Property Value: Sitting on our Assets

Architecture creates wealth, not for many architects it seems, but certainly for the property sector. Buildings crystallise property assets, with their location and quality determining value. Half of all fixed capital formation annually is in buildings and it is written down only slowly compared to plant and machinery. The end result is a national capital base which is predominantly in the built environment.

The Office of National Statistics recently quoted the capital base as £5,000 billion, about five times the current GDP (£1,043 billion in 2002). Of that amount, over half is in our beloved houses, at £2,744 billion; all other buildings are worth £565 billion with infrastructure at a similar level. That’s a total of 77% in built environment and only 23% in plant and machinery.

Historically the property industry invests in the private sector’s non-residential stock and creates assets we buy to fund our pensions. Performance has been good and safer than equities over time. We hold most of our housing property assets directly, purchased from housebuilder developers. Now public buildings and infrastructure are entering the world of property through PFI. Securities backed by the income streams of hospitals, schools and roads will soon be in the market.

It has been a specialised business to invest in property up to now, limiting the accessibility of this type of asset other than in housing. This month however the chancellor is expected to approve the launch of a UK equivalent to the US tax-transparent Real Estate Investment Trust or REIT. This creates a far more liquid form of property investment. REITs in the US have attracted massive funds into property and in an equity-wary Britain this could happen too. The funds available to build both public and private facilities will swell, meeting financial demand in more economic ways and allowing the state to pay for services and space delivered rather than to finance buildings itself.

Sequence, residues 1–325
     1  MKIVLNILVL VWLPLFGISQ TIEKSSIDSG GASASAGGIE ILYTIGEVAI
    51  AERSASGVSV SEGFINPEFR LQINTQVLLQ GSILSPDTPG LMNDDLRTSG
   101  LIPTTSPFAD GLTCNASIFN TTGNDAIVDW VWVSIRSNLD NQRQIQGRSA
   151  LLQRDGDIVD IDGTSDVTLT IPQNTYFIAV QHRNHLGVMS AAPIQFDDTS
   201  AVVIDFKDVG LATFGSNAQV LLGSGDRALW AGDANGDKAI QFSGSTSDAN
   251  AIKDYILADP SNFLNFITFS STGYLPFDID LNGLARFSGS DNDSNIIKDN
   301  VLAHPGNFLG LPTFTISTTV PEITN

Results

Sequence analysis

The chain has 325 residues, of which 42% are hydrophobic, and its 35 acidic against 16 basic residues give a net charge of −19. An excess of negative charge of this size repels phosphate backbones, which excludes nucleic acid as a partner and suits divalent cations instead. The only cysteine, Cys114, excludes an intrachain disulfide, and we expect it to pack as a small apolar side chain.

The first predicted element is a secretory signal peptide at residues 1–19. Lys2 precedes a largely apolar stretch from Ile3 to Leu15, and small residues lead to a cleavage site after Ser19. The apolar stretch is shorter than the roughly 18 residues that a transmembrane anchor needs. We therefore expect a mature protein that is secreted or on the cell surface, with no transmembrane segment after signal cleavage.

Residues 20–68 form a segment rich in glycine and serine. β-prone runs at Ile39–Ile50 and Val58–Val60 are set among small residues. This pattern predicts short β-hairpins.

There is some evidence that it is wiser for companies to use commercially developed space than to build for themselves. The British Property Federation reckons that UK companies spend £18 billion more than they need to each year through undermanaging corporate real estate.

Architects have always valued the owner-occupier client, knowing that they usually require more interesting, higher quality buildings. However, developers will only build once they have a pre-let and that letting allows the tenant to modify the base building to suit their needs better. The developer’s architects and the tenant’s architect collaborate to get a result for both their clients.

So property can only increase as our customer in the years ahead. The emphasis may change, with offices in decline and public buildings in the ascendant. The property company may change a lot. But there is a wall of money coming and no shortage of good investments for it. It only remains for architects to develop ways to be paid for the value they add rather than only the costs they create for this trend to benefit the profession.

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